BLEND-S – Episode 1

By: Caitlin Moore October 8, 20176 Comments

What’s it about? Maika Sakuranomiya is a regular high school student who dreams of studying abroad, though she has one problem. Despite being a naturally sweet and friendly girl, she tends to look scary and imposing whenever she smiles. Having failed to find a job anywhere else, Maika eventually finds work at Café Stile, where the employees all play specific character types when they interact with the customers, such as the playful little sister or the tsundere. Despite her misgivings, our heroine must adopt the dominant and aggressive role of a sadist. Together with the rest of Café Stile’s wacky crew, Maika will work to make new friends and fulfill her dream!

Source: Anime News Network

In the foreground is a girl in a maid uniform with a bottle of squeezed ketchup gripped in one hand. Behind her are two boys sitting at a table with omelette rice in front of them. Their faces are covered in red splotches.

How much you enjoy Blend-S will depend on your tolerance for moe comedy, full-stop. People who enjoy moe or have a decent tolerance for it may enjoy its slightly off-kilter character-driven comedy. If you have a low tolerance though, look elsewhere. While it may do some fun things with the formula, Blend-S takes no pains to conceal its moe outlook and iyashikei (healing/soothing) atmosphere.

The first thing I noticed is that this is a damn fine looking show. The colors are bright, the lines crisp, the motion fluid and detailed… but the next thing I noticed was how tiny the girls are compared to the male characters. I’ve always been somewhat weirded out by series where the female characters look significantly younger than their male counterparts, and Blend-S is one such show. I’m okay with stylized, youthful-looking characters, but major gaps in style just draw attention to how much moe characters look like small children.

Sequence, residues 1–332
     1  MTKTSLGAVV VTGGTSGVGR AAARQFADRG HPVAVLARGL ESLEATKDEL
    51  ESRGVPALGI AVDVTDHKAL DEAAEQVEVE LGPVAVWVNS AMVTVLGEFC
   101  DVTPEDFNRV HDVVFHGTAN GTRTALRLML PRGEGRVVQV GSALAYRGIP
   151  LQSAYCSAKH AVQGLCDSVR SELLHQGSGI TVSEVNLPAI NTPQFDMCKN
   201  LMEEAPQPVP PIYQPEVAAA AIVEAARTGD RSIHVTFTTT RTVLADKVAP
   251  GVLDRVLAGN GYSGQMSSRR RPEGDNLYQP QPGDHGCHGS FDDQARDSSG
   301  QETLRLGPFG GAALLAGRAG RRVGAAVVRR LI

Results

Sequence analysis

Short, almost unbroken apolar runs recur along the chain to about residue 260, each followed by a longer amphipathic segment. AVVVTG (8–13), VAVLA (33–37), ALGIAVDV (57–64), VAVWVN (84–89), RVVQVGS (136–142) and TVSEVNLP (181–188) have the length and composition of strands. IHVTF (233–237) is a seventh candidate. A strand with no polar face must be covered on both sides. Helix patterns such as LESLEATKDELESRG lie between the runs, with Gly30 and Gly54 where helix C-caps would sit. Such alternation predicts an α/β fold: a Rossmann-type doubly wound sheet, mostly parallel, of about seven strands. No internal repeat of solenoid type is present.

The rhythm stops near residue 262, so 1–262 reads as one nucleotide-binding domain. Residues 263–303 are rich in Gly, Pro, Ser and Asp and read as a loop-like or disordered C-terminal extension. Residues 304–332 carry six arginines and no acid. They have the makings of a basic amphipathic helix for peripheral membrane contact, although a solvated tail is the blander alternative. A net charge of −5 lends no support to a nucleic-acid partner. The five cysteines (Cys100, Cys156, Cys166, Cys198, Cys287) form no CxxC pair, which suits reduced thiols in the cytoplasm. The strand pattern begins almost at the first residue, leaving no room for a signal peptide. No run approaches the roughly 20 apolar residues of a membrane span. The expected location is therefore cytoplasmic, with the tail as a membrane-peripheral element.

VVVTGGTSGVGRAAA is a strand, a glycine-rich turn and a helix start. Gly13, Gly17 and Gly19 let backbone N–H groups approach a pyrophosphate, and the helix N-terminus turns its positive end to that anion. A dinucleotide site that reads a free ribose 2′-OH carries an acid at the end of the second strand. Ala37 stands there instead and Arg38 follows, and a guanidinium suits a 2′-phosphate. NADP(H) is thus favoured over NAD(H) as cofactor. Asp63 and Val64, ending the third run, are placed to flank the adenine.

Five girls in multicolored maid uniforms are flanked by two significantly taller young men in waiter uniforms. They all stand with one arm outstretched, as if posing in a dance. To the right stands a fluffy golden dog wearing a neckerchief.

But maybe the gap is part of the appeal, because “gap moe” is the name of the game here. Much of the comedy comes from recognizing the artificiality of the stereotypes the characters are forced to adhere to, and the difference between the acts they must put on versus their actual personalities.

Maika’s sweet nature makes acting like a sadist difficult, while a grumpy college student named Mafuyu pretends to be a peppy imouto because she looks young for her age. None of them seem especially put out by it, and some moments will be particularly relatable for people with experience in the service industry. Who among us hasn’t had to hide their enthusiasm for a topic when they overhear customers discussing it?

In the foreground, the back of a young man wearing glasses as he clenches a fist. In the bakground, a girl in a maid outfit looking uncertain, hands clasped in front of her chest. Subtitle: "Please sit down, shut up,and don't get in the way."

There are still some moments that, as a feminist, made me roll my eyes or cringe. There’s some leering framing and camera angles from time to time, a few jokes about Kaho’s breast size, and her clothes are drawn specifically to emphasize her bust. She and Maika are also still in high school, which adds an uncomfortable element to them performing moe traits for the enjoyment of male clientele.

This is made worse by Dino, the 26-year-old Italian cafe manager who openly crushes on 16-year-old Maika. It’s inappropriate on so many levels, and sweet, sheltered, eager-to-please Maika, who so desperately wants to study abroad… Well, suffice to say it’s a situation with a lot of potential for abuse. It won’t actually happen, probably, because this is a lackadaisical slice-of-life comedy and nothing of actual consequence happens, but it’s creepy.

A young man in a waiter uniform bows slightly and extends a hand to be shaken. Across from him is a pigtailed girl in a pink school uniform, looking startled. Subtitle: "Won't you work here as a precursor to going out with me?"

In the end, it’s really hard to make a call on Blend-S. Its sense of humor and relaxed workplace comedy offer something for more than just hardcore moe fans to enjoy, but there’s still some elements that could make viewers uncomfortable. No red flags—just a couple of yellow cards.

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